As Paul rejoices over his ministry, so they must do the same over theirs, demanding and sacrificial though it may be. And the Philippians must also rejoice, as Paul does over his ministry, though it involves imprisonment and probable martyrdom. How can Paul rejoice over premature death in the Lord’s work? Because “to die is gain” (1:21).
Paul wants them to share in his joy, even if he is martyred.
In (verses 19-23), Paul tells the Philippians of his plans to send Timothy to Philippi, to set him forth as a model spiritual servant.
Philippians 2:19 “But I trust in the Lord Jesus to send Timothy shortly unto you, that I also may be of good comfort, when I know your state.”
The main thing for us to see in this is that even though Paul wanted to send Timothy, the Lord Jesus was really the one that had to send Timothy. If Paul sent Timothy without the approval of the Lord, the trip would be a failure.
In (Phil. 1:1), we saw that Timothy was an important gospel coworker in and around Philippi and a trusted corroborating witness to the truths Paul expounded.
Paul knows that Timothy would minister the same things he would minister, if he were there. Paul trained Timothy, and he was an extension of Paul. When Paul knows that Timothy is ministering to them, he will be pleased, because he will feel they are being taught the truth.
“When I know your state”: Condition.
In (verses 20 & 21), Paul states that “I have no man likeminded”. Literally meaning “one souled”. Timothy was one in thought, feeling, and spirit with Paul in love for the church. He was unique in being Paul’s protégé. Paul had no other like Timothy because, sadly, “all” the others were devoted to their own purposes rather that Christ’s.
Philippians 2:20 “For I have no man likeminded, who will naturally care for your state.”
Likeminded: Paul has no one else like Timothy who possesses the mental framework and spiritual disposition so much in keeping with Paul’s own.
Paul was so sure of Timothy, that he called him his own son in the faith. Timothy was trained totally by Paul. He thought the same way as Paul, because he was trained by Paul. There was no one else Paul could send who was like this. Timothy cared for these people, primarily, because Paul loved them.
Philippians 2:21 “For all seek their own, not the things which are Jesus Christ’s.”
The dedication, even unto death, that Paul had for Jesus Christ was not shared by many of the Christians. Paul is saying above, they are more concerned with their own needs than the needs of others.
It seems from what Paul says here, that many were in the ministry for the wrong reasons.
“All seek their own”: Paul must dispatch his right-hand man Timothy to Philippi because none of the Roman Christians are willing to undertake the mission. They all pursue their own interests, not Christ’s. Despite their zealous witness in and around Rome, they refuse to venture further afield for the Lord’s work.
Philippians 2:22 “But ye know the proof of him, that, as a son with the father, he hath served with me in the gospel.”
The proof of him is better said, “his proven character.”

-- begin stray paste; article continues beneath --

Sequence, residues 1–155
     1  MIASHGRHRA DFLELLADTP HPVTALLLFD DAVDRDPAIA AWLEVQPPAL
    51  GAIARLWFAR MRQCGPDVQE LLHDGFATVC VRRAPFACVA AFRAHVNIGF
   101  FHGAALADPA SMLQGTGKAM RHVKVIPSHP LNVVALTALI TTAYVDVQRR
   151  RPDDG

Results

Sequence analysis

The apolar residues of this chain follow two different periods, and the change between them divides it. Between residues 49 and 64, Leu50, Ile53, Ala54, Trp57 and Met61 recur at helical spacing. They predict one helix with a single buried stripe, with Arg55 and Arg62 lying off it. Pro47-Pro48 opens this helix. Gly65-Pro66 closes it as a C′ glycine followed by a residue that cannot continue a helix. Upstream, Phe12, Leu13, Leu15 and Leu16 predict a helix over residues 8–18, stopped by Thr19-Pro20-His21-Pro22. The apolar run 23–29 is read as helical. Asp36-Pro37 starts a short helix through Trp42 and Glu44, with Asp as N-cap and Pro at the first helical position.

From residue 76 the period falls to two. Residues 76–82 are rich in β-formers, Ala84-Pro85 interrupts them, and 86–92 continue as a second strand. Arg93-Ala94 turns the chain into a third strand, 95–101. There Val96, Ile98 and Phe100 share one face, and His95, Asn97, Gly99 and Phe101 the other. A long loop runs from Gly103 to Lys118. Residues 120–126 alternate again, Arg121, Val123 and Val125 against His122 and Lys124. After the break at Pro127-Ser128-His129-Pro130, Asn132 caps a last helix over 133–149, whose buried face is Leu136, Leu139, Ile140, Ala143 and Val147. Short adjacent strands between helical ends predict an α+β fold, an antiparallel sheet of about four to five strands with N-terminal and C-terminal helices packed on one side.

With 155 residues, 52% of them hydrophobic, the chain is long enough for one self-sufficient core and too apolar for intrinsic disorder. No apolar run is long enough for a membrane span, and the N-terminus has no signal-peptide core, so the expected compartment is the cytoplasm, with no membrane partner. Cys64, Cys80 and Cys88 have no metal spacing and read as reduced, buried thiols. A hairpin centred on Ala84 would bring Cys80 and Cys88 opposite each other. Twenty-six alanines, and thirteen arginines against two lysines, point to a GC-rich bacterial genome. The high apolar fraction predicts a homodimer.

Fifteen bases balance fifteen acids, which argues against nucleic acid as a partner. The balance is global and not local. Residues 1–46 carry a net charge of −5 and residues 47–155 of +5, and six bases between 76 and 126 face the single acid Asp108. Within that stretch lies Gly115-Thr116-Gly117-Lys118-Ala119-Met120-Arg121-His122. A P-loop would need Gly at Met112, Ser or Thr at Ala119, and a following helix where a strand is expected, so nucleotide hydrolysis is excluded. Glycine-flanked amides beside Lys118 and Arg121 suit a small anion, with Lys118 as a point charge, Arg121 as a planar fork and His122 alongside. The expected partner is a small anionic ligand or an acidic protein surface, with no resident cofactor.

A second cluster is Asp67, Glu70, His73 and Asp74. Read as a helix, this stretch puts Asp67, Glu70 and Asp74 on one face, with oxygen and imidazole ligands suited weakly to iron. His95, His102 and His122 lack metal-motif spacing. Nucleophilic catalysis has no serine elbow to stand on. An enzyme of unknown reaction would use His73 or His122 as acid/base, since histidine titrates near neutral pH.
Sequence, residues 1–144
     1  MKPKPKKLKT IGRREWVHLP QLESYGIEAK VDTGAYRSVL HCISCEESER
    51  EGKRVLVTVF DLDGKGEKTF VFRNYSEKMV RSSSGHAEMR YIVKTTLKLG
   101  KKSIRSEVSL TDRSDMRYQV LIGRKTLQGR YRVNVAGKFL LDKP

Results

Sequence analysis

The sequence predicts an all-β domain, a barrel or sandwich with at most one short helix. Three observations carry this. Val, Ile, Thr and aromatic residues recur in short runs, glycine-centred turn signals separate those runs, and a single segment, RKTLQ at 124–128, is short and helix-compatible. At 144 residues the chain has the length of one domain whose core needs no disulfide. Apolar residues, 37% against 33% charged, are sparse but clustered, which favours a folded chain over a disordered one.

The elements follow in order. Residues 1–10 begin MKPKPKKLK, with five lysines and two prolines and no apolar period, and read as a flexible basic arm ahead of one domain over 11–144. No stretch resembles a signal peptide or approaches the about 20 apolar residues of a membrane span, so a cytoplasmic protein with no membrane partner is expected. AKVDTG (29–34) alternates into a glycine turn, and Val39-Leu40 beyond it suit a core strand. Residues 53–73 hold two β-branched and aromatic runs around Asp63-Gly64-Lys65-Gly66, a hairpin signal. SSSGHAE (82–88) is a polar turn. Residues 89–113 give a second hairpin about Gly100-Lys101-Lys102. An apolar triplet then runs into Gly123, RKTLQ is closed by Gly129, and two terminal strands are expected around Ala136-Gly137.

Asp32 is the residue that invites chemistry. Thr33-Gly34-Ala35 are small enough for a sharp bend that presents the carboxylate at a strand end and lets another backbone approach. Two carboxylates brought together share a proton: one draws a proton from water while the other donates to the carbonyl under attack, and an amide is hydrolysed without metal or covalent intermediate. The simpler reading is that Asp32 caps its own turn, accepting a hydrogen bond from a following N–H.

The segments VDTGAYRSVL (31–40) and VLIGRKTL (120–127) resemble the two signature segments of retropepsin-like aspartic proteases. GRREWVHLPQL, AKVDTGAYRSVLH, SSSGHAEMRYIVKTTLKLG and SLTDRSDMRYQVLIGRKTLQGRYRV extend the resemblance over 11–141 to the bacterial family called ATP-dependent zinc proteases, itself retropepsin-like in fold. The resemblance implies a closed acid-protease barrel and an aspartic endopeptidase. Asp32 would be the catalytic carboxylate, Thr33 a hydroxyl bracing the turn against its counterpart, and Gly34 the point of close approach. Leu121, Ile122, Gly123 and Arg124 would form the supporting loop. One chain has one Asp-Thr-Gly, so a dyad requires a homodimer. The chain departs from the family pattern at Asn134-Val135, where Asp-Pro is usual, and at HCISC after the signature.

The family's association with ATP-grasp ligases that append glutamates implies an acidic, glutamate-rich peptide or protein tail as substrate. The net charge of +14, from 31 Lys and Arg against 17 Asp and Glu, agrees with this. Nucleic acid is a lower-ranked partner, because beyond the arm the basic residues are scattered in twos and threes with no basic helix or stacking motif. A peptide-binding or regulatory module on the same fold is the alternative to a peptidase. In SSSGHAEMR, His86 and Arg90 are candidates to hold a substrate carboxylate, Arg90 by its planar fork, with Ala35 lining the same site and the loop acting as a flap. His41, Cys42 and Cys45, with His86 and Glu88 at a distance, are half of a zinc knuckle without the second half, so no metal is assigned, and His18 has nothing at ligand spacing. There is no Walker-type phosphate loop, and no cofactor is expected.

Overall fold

Paul is saying that his relationship with Timothy was as a son with a father. These people were already aware of the relationship that Paul had with Timothy. This serving was almost as a slave. At least, it was as a loving son to a father.
Philippians 2:23 “Him therefore I hope to send presently, so soon as I shall see how it will go with me.”
Since Paul could not come at this time, the next best thing was to send Timothy. Paul would send Timothy to Philippi with news of his verdict as soon as he learns of it.
Paul really would not ever be able to go to Philippi again. He would end his days here in Rome.
Philippians 2:24 “But I trust in the Lord that I also myself shall come shortly.”
Paul loved this church at Philippi, and it was the desire of his heart that he would be able to go there personally. We can never overrule the will of God in these matters. Paul knew that whatever the Lord had planned for him would be what he would do.
Verses 25-30: These passages take a compelling look at love and unity among believers. All the parties show selfless affection for each other.
Philippians 2:25 “Yet I supposed it necessary to send to you Epaphroditus, my brother, and companion in labor, and fellow soldier, but your messenger, and he that ministered to my wants.”
It seemed that Paul had decided to wait a while to send Timothy and sends Epaphroditus in his stead. Perhaps, he even took the letter with him to these Philippians. The verse above is like a recommendation.
Paul wanted to send Timothy (verse 23), and come himself (verse 24), but found it necessary to send this man. A native Philippian of who, outside this passage, little is known.
His name was a common Greek one, taken from a familiar word that originally meant “favorite of Aphrodite” (Greek goddess of love). Later the name came to mean “lovely” or “loving.” He was sent to Paul with gifts and was to remain and serve Paul as he could (verse 30).
The word “messenger” comes from the same word that yields the English “apostle.” He was not an apostle of Christ, but an apostle (sent one), in the broader sense that he was an apostle of the church in Philippi, sent to Paul with their monetary love gift. Paul’s sending him back to the church with this letter needed an explanation, lest they think Epaphroditus had not served Paul well.
The word “messenger” makes me believe he carried the letter. It seems as if he had taken care of Paul’s needs while Paul was under house arrest. Epaphroditus was Paul’s brother in the sense that all Christians are brothers, not that he was his physical brother.